Just as for the squirrels, life for most of us progresses normally and relatively smoothly, until some catastrophic event throws our perspectives into disarray. It may be a very personal event such as the death of someone we love, or maybe a divorce. Occasionally, we are upended into a maelstrom of cataclysmic proportions – a flood; the hurricane that hit New Orleans last year, or the devastating tsunami that shattered the lives of millions in and around the Pacific Basin.

On each and every occasion, we are swept from our complacency by events over which we have little or no control. How we react in such circumstances varies from person to person, but the common denominator is a stark realization that our civilization is a veneer, a veil to be rent apart at any moment, exposing us to powerful demons who would whisk us to oblivion in an instant.

The ice storm that hit Illinois on the last night of November 2006 would not stand comparison with previously mentioned catastrophes, but was nonetheless one of those occasions when, for many, life and death hung in the balance. The rapid build up of ice on tree branches throughout the State caused numerous limbs to crack and fall. Lying in bed, listening to the explosions of snapping branches from the many mature trees surrounding our property, it was impossible not to wonder would the next one come hurtling through the roof and flatten us where we lay.

The power went out at exactly 10.38 pm.

Now it was pitch dark; silent, but for the gunshot-cracks that marked another great limb crashing earthwards. It proved a long, sleepless, night.

By 3am, incipient arctic tentacles encroached beneath the meager blankets normally adequate in our steady-state, thermostatically-controlled, environment. Outside, frigid air entombed roof and walls, impatient to be let in. The furnace, our stalwart knight against the elements, sat impotent and lifeless on the garage floor. Another gunshot; the rustle and clatter of timber falling in a hail of ice-shards to the frozen earth beneath. We piled blanket upon blanket, and waited for the dawn.

We, and the house, survived the night. Next day, we boiled water and made oatmeal on the single burner camping stove purchased from Wal-Mart for just such an emergency. I braved the ice and snow to fetch a wheelbarrow full of logs from the woodshed, for the fireplace that would be our only source of heat until the power company restored the fallen cables. For two days we huddled, pitiful, close by the hearth; only leaving that radial arc of warmth to procure more logs, or brew more coffee, or finally to crawl into icy sheets beneath a heaving mountain of bedding burgled from guest room and closets.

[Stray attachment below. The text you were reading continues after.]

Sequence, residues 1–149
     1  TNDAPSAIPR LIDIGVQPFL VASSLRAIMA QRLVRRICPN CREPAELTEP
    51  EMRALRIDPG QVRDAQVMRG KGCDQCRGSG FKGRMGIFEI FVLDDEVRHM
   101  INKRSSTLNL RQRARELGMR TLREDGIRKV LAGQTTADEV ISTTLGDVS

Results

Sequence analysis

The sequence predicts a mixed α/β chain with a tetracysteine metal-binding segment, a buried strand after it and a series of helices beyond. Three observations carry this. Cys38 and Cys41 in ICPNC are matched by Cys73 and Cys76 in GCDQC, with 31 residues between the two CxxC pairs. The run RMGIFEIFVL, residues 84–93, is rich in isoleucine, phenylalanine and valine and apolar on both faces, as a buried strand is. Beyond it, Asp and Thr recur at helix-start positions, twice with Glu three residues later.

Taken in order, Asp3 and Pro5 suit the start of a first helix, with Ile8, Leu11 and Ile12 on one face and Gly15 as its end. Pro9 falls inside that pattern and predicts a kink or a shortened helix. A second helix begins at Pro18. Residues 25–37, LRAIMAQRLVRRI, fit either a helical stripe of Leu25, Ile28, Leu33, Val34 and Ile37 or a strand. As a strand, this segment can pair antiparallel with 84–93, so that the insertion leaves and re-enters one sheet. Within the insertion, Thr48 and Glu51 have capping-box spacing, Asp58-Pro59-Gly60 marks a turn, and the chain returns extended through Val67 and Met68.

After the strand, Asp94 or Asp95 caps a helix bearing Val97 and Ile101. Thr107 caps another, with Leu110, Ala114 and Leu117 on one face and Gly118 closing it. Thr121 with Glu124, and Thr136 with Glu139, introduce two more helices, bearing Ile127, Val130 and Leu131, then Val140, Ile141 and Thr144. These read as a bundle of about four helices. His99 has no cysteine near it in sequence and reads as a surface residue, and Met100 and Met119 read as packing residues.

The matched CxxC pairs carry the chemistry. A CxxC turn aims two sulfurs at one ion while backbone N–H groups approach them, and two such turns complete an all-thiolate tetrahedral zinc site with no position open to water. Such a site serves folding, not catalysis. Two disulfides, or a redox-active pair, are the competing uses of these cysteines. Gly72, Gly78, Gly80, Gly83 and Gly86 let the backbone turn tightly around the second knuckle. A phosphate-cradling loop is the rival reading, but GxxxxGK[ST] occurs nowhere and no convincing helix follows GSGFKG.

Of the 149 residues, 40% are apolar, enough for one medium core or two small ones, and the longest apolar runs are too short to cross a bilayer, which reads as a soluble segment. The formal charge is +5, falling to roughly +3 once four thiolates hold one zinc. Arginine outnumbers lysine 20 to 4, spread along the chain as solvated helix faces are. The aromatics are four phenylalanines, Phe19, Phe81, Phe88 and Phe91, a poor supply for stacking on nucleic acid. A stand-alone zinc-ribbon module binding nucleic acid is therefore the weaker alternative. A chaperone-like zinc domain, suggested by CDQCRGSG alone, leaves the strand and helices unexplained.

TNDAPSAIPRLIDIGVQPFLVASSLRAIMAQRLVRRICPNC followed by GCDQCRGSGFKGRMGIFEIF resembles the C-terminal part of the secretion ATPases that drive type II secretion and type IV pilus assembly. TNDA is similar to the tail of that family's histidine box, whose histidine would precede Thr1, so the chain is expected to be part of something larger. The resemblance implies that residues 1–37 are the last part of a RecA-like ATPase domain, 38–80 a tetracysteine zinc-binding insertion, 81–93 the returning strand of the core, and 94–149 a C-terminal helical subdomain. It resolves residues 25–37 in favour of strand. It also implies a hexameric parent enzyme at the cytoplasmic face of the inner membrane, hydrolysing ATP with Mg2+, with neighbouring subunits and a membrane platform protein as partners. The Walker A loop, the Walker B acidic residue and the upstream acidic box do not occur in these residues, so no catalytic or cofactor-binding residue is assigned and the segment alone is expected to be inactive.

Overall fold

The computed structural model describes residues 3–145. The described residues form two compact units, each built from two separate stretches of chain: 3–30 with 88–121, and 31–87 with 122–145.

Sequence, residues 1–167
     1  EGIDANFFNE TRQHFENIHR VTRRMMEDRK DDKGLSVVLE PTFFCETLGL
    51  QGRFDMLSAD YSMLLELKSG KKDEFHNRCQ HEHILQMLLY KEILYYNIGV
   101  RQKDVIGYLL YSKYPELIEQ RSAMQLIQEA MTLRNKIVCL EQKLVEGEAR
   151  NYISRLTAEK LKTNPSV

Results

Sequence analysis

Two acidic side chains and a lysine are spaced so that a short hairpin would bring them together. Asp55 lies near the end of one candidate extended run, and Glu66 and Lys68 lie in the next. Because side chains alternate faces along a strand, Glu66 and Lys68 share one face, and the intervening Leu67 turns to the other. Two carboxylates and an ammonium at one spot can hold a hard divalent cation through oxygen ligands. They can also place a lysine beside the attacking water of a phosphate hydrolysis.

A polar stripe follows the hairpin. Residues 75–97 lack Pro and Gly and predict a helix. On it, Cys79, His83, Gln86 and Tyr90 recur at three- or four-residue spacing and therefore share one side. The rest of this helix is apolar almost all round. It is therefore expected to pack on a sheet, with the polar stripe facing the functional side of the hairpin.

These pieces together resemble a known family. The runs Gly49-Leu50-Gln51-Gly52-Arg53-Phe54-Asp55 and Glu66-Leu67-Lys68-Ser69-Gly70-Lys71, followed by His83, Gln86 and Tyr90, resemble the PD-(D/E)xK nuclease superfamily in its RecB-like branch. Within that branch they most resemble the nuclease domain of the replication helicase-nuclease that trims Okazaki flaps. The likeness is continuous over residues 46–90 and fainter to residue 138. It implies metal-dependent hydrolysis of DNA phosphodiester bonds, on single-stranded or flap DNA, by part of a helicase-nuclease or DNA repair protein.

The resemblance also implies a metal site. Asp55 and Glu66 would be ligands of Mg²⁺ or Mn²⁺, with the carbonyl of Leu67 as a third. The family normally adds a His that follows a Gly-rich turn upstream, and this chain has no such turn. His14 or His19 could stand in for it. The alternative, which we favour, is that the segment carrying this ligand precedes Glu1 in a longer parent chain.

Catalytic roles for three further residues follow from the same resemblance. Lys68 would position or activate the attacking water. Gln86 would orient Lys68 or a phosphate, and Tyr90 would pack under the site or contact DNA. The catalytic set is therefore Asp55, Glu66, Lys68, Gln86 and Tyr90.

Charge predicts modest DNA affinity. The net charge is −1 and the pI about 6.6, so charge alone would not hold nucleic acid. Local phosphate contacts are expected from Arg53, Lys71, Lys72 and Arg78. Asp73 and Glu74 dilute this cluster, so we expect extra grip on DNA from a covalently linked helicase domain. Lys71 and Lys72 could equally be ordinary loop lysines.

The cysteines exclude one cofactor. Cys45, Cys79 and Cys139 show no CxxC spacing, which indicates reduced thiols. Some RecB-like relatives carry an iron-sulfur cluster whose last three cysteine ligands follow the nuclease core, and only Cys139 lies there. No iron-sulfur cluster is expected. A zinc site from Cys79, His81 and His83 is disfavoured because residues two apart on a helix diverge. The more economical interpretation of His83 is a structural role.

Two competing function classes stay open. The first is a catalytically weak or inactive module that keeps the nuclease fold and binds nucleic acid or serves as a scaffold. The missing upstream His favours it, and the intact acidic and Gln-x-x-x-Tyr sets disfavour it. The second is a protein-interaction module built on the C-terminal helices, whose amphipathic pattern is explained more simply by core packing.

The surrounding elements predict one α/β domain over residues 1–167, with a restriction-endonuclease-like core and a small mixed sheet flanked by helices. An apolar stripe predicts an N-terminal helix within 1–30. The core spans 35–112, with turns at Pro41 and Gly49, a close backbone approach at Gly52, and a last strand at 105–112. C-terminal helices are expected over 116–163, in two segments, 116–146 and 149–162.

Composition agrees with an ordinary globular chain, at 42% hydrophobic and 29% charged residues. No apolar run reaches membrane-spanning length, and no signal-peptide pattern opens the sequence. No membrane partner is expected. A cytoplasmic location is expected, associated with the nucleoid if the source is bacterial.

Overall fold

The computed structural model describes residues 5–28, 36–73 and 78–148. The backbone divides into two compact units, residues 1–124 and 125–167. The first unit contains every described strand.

Suddenly, more rapidly than it had begun, it was over. The lights flared into brilliance; the furnace groaned, whined, then whirred into life. Digital clocks that had disappeared from useless electronic boxes – once video, hi-fi, or microwave oven – magically sprang back to existence, flashing their urgent need for correction so they might serve us with accuracy once more.

Within ten minutes, the camping stove was returned to its garage shelf; redundant blankets re-covered the guest room bed; logs were allowed to burn low in the grate – it was, after all, getting too hot for a fire. Outside, the yard was a mess of fallen tree limbs and twisted branches, a reminder – if one cared to look out the window – of the drama that had passed so close; inside, could not be more normal. Civilization had returned with the flick of a power company switch.

Later, when TV dinner cartons had been consigned to the trashcan, and the microwave was again idle, save for the comforting green glow of its digital display, I sat back on our warm, comfortable, sofa and reflected on the fragility of that veil between normality and catastrophe. How all our lives hang suspended from those fragile threads called power cables. Unlike the squirrels, we cannot survive the ravages of an ice storm outside, in a nest of twigs high in the branches of an Illinois cottonwood. We are, all of us, totally dependent on the incoming power that molds and forms our artificial environment. Take it away, and the result is catastrophe.

A thin veil, so easily rent.

I walk to the window; remind myself of the devastation. Outside the squirrels are hard at work, rebuilding nests battered by the storm.